Reducing your data download costs

20 Aug

August 20, 2007

By Geoff Meeker

Smartphones are complex little machines that cost more (than cellular phones) to purchase and also to operate. This is because they transfer digital data back and forth, in addition to voice calls, and you will need to pay for this over and above your basic cellular call plan.

One of your first decisions then, upon purchasing a smartphone, is what sort of data download package to buy. This is similar to purchasing a monthly ‘call minutes’ package for your cell, the difference being that you purchase megabytes (mb) of data instead of minutes of time. Data prices (with Aliant – Rogers may differ) range from 4 mb per month for $25, to 40 for $75, to 500 for $200 and even 750 for $300. As with call minutes, the cost per mb goes down the more you purchase – the trick is in knowing how many to buy.

I spoke with Paul Pothier, Director of Wireless Sales with Aliant Mobility, for advice on keeping data costs under control.

“It can be difficult for the average person to understand,” Pothier said. “People don’t know how much data is contained in an email, a picture, a file attachment or whatever, so they don’t know if they need four mb or 40. We have a lot of history with these devices and our average customer uses somewhere between two and five mb per month. That’s probably 30 emails per day, and you will still be well inside the 4 mb plan. But if you’re going to open a lot of emails with files attached, or you are going to browse on the web a lot, then you could use much more than that.”

The four mb package is a good starting point, Pothier said, because you can monitor data usage on your monthly bill and upgrade to a larger package if necessary. The trick, he said, is managing data downloads to keep costs down, beginning with your email attachments, which have the potential of eating up many mb of data.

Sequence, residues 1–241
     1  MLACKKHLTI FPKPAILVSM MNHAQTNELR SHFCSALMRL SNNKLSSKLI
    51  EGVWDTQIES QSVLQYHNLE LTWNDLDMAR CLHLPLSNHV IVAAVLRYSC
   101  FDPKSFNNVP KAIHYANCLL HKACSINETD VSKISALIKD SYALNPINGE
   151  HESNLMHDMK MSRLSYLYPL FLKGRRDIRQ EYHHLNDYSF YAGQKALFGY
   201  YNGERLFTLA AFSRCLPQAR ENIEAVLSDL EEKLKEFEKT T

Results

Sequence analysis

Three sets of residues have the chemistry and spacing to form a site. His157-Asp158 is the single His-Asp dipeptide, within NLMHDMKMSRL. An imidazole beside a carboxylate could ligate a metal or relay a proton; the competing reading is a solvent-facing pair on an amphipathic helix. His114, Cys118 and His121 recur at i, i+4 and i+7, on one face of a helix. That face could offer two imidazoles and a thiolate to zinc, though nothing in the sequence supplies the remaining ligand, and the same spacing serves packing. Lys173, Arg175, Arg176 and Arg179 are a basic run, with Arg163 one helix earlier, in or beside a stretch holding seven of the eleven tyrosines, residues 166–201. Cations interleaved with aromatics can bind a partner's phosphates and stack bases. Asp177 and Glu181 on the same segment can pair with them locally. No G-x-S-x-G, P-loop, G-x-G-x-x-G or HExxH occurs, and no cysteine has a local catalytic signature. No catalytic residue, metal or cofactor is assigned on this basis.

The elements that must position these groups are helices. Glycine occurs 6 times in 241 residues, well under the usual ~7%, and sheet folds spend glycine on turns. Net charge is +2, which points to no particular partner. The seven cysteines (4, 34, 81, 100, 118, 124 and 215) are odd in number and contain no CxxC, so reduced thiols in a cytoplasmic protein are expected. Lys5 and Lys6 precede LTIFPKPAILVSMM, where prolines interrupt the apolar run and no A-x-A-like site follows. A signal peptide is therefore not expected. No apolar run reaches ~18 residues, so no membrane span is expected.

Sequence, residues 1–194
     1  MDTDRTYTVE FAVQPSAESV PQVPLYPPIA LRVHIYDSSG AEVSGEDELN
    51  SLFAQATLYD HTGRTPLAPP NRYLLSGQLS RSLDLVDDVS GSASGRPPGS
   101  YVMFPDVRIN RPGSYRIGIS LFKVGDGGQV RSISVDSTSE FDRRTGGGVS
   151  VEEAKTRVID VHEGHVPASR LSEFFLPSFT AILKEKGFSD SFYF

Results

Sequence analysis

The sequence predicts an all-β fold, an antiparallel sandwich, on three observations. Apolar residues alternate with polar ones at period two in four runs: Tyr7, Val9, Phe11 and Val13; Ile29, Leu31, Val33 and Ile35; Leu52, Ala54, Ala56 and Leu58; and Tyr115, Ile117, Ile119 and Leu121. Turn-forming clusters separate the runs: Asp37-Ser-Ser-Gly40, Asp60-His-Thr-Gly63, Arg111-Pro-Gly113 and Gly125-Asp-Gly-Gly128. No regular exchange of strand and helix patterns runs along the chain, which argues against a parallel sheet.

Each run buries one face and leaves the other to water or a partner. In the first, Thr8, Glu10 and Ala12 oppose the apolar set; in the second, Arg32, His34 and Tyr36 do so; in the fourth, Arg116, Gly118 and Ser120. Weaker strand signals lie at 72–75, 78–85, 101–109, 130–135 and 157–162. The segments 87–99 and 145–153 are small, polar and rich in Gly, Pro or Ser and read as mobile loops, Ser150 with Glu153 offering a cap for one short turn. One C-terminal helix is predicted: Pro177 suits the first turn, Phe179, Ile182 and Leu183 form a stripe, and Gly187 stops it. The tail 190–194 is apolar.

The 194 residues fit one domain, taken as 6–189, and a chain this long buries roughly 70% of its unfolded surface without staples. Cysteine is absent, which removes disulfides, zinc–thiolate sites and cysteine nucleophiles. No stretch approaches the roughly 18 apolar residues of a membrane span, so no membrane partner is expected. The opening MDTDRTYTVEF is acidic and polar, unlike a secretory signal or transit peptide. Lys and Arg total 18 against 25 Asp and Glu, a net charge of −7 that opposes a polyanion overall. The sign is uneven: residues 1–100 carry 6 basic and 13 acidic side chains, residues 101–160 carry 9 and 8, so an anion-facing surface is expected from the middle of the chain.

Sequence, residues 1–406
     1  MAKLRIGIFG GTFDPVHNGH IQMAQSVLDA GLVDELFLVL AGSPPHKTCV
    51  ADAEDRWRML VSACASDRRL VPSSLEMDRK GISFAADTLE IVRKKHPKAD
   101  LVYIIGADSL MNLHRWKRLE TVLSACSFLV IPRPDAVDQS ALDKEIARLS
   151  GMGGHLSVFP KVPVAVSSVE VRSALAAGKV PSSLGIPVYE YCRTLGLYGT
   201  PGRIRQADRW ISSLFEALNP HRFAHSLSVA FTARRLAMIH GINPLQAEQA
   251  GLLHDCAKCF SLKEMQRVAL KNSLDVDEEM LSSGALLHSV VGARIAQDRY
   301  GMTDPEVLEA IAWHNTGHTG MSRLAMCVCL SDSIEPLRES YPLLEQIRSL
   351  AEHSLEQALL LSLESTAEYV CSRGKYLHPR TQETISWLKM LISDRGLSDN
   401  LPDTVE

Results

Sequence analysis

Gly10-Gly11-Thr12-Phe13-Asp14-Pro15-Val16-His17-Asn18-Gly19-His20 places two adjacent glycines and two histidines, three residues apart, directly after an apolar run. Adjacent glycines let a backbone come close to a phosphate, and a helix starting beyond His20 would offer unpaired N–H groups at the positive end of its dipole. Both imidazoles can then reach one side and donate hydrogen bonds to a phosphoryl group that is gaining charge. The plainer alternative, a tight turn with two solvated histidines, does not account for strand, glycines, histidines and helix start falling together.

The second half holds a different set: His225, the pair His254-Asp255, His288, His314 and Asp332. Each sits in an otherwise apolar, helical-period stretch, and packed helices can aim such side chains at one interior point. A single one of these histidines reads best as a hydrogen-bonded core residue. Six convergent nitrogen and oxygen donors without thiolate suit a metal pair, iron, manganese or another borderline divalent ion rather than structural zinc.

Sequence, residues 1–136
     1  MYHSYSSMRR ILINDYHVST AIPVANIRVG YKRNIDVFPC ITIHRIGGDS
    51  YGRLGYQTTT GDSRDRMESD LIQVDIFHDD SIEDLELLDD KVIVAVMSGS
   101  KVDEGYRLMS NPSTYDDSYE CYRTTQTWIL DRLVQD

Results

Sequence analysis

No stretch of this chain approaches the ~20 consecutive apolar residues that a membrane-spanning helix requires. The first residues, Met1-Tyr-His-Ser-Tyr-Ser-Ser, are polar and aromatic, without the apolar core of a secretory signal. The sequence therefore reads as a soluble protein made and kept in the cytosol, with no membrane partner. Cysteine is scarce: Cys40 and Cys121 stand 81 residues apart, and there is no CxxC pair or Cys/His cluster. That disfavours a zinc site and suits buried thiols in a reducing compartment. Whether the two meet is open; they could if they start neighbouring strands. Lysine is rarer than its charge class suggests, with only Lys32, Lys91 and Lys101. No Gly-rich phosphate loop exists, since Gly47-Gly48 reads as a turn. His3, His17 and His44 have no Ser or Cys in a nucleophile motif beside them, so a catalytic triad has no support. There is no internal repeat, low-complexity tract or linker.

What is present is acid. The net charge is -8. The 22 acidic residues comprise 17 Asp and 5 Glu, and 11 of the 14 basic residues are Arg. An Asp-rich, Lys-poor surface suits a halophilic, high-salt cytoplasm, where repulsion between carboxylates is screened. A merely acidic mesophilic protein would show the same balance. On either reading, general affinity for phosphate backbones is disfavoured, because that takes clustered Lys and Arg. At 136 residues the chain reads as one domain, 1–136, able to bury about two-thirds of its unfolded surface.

“When you receive and open an email, you are not downloading the attachments,” Pothier said. “You may see an icon that indicates an attachment, but the actual file is still on the server. So it is best to wait until you get home, if you can, before opening any attachments.”

Most of these devices have a setting to control how frequently they check for new email on the server, Pothier added. “Most of them can be set to check for email once per minute or even once per day. For most people, once every couple of hours is enough. Or you can check the email manually, whenever you are ready. This is the most cost-effective way to do it, since the process of checking for email actually uses data.

“Many devices also have the ability to modify how much of the message is sent… just the first 500 kb of the email instead of all of it. Most of the time, this is more than enough to get the gist of the message. If not, you can ask it to download the rest.”

If you browse the Internet, keep in mind that surfing for fun can quickly rack up your mb count. Unless you have money to burn, try to limit Internet usage to whatever is necessary for business or information gathering purposes. To quicken loading time and save data costs, most smartphone browsers impose limits on the functionality of web sites, allowing you to see the gist of the page without all the bells and whistles. But don’t download videos or mp3 files even where the technology allows it, as this will really drive up your data costs. (You can transfer these to the smartphone from your home computer with a small memory card or with wireless bluetooth technology.)

Some devices also work as tethered modems, by connecting to your laptop to enable full Internet access. This is a great feature but keep in mind that the data download pipe is now wide open, and you can burn up several hundred mb of data (worth hundreds of bucks) in a short period of time. Again, it’s best to use this connectivity only when necessary.

In a nutshell, the data download process can be expensive but when you really need it, it more than pays for itself.

Geoff Meeker is a communications consultant with a soft spot for technology. He also writes a blog about the local media scene, which is hosted at http://www.thetelegram.com.

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